(g) The firm of Deloitte & Touche LLP was appointed as the Company’s independent auditors for the year ending June 30, 2009. The vote was as follows:

 

     Shares    Stockholders

For

   31,019,215    1,068

Against

   1,439,273    43

Abstain

   2,290,210    56

PART II

 

Item 5. Market for the Registrant’s Common Equity, Related Stockholder Matters and Issuer Purchases of Securities

(a) Principal Market

The principal market for MPC’s common stock is the NASDAQ Capital Market under the symbol MPET. The stock is also traded on the Australian Stock Exchange in the form of CHESS depository interests under the symbol MGN. The quarterly high and low prices on the most active market, NASDAQ, during the quarterly periods indicated were as follows:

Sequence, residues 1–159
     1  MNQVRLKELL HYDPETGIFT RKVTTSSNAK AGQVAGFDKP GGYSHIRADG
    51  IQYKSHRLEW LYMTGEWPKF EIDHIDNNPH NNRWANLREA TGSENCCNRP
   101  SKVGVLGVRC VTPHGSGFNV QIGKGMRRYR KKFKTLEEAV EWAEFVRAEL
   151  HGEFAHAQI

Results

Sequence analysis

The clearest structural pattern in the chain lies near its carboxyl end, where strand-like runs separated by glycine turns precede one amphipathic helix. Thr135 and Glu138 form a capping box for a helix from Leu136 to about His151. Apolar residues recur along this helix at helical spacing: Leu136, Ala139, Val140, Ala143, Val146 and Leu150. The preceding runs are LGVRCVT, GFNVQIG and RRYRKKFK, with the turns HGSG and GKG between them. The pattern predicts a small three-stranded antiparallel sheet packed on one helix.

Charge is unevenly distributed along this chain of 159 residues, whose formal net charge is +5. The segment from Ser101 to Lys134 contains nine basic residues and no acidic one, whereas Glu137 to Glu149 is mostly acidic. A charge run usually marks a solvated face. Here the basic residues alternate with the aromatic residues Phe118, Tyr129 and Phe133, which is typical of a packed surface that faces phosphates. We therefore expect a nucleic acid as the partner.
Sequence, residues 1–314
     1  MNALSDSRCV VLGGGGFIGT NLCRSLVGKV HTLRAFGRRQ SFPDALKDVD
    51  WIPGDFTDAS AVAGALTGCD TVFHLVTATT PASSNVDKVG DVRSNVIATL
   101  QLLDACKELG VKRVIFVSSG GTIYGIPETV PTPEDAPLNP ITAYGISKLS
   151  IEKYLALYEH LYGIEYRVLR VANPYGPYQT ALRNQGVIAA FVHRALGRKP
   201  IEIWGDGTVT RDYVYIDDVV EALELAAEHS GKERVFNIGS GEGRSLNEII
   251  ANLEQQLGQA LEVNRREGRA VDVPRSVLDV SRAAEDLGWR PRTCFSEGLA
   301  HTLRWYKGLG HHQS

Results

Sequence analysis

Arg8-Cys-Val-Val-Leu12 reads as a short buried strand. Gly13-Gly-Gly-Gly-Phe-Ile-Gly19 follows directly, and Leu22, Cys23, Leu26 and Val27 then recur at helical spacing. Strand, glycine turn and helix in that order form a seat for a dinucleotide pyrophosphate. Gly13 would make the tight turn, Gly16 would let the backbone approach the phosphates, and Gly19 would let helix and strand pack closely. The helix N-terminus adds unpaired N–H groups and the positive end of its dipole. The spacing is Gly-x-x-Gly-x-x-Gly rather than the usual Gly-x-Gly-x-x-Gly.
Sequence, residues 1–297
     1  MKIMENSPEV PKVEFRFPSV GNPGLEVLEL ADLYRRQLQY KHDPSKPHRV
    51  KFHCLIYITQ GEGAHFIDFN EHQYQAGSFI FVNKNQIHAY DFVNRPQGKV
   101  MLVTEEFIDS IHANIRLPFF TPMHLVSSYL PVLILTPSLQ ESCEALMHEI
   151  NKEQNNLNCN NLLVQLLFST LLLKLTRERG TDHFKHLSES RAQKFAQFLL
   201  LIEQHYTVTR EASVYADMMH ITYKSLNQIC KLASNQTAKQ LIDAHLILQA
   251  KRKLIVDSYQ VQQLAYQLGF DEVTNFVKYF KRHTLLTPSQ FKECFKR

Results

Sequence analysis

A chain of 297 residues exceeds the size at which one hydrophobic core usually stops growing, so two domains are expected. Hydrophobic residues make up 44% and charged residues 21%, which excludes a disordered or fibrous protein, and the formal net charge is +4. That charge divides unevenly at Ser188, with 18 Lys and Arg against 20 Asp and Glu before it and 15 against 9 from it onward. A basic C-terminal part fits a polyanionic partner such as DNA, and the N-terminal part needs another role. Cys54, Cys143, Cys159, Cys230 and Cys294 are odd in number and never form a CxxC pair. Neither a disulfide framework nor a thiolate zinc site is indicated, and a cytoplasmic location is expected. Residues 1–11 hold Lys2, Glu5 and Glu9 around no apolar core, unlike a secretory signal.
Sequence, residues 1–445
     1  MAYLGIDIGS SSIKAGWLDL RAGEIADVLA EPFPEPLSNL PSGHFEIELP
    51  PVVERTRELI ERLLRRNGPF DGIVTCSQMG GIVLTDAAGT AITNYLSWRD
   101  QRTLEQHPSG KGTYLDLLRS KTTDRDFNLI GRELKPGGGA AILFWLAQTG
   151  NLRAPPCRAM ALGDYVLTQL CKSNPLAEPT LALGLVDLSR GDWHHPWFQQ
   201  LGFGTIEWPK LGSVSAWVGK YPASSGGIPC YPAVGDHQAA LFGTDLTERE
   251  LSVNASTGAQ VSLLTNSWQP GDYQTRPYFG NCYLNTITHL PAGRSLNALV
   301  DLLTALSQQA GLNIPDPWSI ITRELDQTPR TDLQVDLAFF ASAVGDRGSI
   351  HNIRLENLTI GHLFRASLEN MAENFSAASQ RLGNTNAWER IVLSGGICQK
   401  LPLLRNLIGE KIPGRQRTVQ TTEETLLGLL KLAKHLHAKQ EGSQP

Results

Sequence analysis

2009

   1st Qtr.    2nd Qtr.    3rd Qtr.    4th Qtr.

High

   1.64    1.10    0.78    1.35

Low

   1.02    0.48    0.58    0.61

 

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2008

   1st Qtr.    2nd Qtr.    3rd Qtr.    4th Qtr.

High

   1.67    1.14    1.26    1.87

Low

   1.01    0.89    0.87    1.16

(b) Approximate Number of Holders of Common Stock at September 1, 2009

 

Title of Class

   Number of Record Holders

Common stock, par value $.01 per share

   5,886

(c) Frequency and Amount of Dividends

MPC has never paid a cash dividend on its common stock.

Recent Sales of Unregistered Securities

During the fiscal year ended June 30, 2009, there were no equity securities of the Company sold that were not registered under the Securities Act of 1933, as amended (the “Securities Act”).